Bluefield Daily Telegraph
Don’t even ask if I have started shopping — because I haven’t. Every year I tell myself I am going to do better. I will shop a little here and a little there and I will have it done. Maybe one day— I admire those people that get their shopping done throughout the year and don’t have to worry about rushing around when December arrives.
Not me, I take after my mother. We would always be out a week before Christmas and even sometimes Christmas Eve trying to finish up finding gifts for everyone. I think back to when I was a child and how much I could not wait for Christmas. I loved getting a Christmas tree and hanging ornaments my sister and I made at school each year. My mom would hang wreaths and put candles in the windows and each night I would go window to window screwing in the bulbs to light the house for the night.
We would go to the local tree stands to collect the trimmings off the trees to make holiday swags. My mom also started collecting Christmas houses for me, Santa’s Village to be exact. She bought me one or two new ones each year. I would set them up, along with fake snow, trees and an ice-skating rink for the elves.
Christmas Eve rolled around and we always read “The Night Before Christmas,” wrote our notes to Santa and left out the cookies and milk. Of course we had to go to bed early because Santa wouldn’t come if we didn’t. Who can forget waking up Christmas morning and running down the stairs to see what Santa had brought. The letters to Santa that are sent to the Daily Telegraph to be published in the paper made me think back to all the things I used to ask for.
Kids sure have changed. As the years went by and I grew into a teenager, decorating for Christmas became less “cool.” It seemed like the biggest burden when my mom had us up in the attic pulling out decorations, putting the candles in the windows and setting up my Christmas house village.
This year I have seemed to have a change of heart now that I have my own house. My husband and I made a trip up to Mt. Lookout the day before Thanksgiving to a family friend's Christmas tree farm, Park Place Trees.
It was snowing and already about six inches of snow was on the ground. I would have taken the first tree I saw, but no ... we trekked through the snow looking for that perfect tree, not too tall, not too skinny, but just right. We found one we agreed on. I was so excited to get it home and in the house. You can’t get much more festive than that — picking out your tree in a crazy snowstorm. So Thanksgiving Day, my husband brought it in the house and we picked out the perfect place in the living room.
Being our first Christmas we don’t have many of our own decorations or ornaments. But on a trip home a few months ago we both collected ornaments and decorations from our parents home. I, of course, collected candles for each window and a few of my infamous Christmas houses and some ornaments.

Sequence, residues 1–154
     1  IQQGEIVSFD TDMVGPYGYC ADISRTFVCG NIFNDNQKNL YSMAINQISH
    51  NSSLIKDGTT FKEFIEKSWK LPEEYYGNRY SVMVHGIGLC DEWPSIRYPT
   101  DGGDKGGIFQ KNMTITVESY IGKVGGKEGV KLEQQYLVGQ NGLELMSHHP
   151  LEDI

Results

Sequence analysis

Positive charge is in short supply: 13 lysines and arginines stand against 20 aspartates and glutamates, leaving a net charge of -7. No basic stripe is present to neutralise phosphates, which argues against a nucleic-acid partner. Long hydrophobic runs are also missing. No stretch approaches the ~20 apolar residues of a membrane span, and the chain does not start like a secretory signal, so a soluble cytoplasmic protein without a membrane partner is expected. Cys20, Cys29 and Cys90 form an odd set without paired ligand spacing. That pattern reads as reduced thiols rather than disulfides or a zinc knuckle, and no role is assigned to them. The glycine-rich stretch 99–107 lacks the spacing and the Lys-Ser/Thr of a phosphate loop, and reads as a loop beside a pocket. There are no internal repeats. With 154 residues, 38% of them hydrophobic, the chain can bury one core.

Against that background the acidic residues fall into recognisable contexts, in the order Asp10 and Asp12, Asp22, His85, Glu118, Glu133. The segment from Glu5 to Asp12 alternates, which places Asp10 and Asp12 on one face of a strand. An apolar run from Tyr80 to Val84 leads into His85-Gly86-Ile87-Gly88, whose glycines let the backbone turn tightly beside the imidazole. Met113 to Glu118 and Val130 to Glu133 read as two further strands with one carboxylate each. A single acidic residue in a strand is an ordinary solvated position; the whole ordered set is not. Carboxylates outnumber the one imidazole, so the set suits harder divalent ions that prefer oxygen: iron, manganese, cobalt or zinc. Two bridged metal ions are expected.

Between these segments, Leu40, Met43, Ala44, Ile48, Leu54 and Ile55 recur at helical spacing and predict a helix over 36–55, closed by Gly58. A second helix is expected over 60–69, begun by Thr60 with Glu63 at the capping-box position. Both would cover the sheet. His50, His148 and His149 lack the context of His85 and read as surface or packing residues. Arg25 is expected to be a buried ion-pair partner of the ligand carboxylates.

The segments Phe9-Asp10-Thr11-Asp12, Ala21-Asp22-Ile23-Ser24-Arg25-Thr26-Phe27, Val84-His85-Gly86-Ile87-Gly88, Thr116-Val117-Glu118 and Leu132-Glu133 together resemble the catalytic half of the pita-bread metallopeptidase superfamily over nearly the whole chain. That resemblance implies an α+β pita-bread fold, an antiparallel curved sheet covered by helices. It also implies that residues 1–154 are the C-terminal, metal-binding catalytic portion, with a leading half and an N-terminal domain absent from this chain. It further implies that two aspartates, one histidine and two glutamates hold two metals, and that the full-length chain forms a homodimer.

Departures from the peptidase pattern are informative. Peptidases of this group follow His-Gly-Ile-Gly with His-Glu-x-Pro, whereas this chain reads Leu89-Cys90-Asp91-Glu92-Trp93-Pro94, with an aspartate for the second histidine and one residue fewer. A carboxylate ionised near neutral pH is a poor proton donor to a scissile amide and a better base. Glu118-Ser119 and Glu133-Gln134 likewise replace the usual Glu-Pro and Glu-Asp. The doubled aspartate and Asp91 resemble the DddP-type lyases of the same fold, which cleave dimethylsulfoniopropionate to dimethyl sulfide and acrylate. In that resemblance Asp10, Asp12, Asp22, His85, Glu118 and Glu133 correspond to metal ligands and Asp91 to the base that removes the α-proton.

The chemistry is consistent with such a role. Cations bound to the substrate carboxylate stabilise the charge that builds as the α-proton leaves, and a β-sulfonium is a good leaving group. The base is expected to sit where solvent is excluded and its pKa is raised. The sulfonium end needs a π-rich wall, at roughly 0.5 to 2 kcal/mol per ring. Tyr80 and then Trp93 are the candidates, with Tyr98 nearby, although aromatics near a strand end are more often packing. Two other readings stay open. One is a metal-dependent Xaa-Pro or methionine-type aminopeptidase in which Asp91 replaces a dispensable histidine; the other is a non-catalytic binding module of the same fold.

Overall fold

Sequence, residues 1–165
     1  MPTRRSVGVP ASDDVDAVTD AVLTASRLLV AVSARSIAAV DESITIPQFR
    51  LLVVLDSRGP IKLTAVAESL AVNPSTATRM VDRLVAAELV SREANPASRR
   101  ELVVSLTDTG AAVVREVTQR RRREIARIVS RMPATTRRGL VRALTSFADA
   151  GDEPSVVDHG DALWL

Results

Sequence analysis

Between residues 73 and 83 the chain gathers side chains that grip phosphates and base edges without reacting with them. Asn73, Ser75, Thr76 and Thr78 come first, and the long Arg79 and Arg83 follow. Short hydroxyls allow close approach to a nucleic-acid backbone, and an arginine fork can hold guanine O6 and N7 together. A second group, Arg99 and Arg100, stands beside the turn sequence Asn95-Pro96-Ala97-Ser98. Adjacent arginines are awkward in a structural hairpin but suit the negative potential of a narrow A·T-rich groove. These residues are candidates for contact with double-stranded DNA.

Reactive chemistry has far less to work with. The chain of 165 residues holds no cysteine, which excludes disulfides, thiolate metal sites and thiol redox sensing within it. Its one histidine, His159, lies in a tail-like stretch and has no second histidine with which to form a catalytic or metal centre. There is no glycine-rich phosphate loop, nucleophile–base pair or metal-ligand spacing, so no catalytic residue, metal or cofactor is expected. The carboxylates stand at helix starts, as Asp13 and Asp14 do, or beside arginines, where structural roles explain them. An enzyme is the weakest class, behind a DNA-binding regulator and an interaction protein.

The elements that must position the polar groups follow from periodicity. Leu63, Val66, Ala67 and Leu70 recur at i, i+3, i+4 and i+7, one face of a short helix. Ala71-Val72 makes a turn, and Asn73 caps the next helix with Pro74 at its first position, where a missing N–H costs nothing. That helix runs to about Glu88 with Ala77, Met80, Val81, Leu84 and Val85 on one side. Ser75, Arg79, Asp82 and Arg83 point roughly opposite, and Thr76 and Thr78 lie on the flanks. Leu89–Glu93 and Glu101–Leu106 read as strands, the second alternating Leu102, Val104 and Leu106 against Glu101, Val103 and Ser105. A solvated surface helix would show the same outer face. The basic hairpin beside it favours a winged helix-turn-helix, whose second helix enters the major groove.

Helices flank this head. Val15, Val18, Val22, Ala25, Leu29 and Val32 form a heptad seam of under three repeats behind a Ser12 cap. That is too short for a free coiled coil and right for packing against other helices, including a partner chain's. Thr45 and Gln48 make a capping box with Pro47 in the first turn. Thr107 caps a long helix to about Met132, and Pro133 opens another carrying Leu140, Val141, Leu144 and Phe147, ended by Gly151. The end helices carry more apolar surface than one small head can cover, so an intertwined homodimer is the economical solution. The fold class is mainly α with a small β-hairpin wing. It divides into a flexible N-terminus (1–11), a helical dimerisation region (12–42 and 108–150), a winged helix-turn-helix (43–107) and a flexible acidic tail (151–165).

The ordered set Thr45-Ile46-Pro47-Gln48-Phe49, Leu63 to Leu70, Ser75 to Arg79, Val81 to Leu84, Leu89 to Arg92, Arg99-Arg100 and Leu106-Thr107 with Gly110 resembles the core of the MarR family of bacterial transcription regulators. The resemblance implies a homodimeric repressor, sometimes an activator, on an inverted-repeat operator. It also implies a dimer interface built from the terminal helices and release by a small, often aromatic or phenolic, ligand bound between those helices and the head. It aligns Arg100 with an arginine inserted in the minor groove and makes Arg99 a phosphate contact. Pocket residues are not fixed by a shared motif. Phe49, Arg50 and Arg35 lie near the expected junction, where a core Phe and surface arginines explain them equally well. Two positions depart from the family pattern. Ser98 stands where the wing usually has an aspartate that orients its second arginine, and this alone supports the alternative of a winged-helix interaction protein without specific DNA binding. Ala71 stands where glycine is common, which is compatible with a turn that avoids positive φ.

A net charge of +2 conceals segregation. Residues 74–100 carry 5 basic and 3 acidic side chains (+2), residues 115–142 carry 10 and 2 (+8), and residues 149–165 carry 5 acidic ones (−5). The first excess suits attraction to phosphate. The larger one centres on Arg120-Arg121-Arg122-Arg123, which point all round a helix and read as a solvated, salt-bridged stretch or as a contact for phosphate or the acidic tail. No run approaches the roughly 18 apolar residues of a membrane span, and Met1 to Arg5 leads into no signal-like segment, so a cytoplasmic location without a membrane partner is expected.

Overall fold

He also collected homemade ornaments and his train set from when he was younger. We bought some lights for our tree and I decided I would take a afternoon to decorate the house. Putting lights on the tree proved to be a little harder than expected. I remember my mom telling me that she had taken a class when she and my dad got married at the local garden club one year to learn how to properly light the tree. I thought how hard can this be. I just watched a video on Youtube and of course ended up calling her in when I was about half way done to ask for tips.
The lights actually look great — if you don’t look at it close up to much. I began pulling out the ornaments that we had brought back. My aunt and uncle also made it a point to give me an ornament each year at Christmas and she always said, “I know these don’t mean anything to you now, but one day when you have your own tree it will.” And as I went through the ornaments and looked at the dates from what seemed forever ago, I sent her a message telling her that the ornaments had finally paid off. Between both of us our tree is covered in horse and cattle related ornaments, along with a few homemade ones from our elementary school years.
As I set up my Christmas house village, I found myself turning into my mother. In fact, I sometimes find myself doing things or saying things that sound just like my mother. Such as decorating for Christmas, working out in the garden and yard and even not letting people sleep on the couch in fear of the cushions becoming un-even.
I think the holidays make us remember the little things in life that we always take for granted. Now that I am far from home, I believe it is the little things I do that make my mom and I feel closer than ever.
Anne Elgin is a reporter for the Daily Telegraph. Contact her at email@example.com.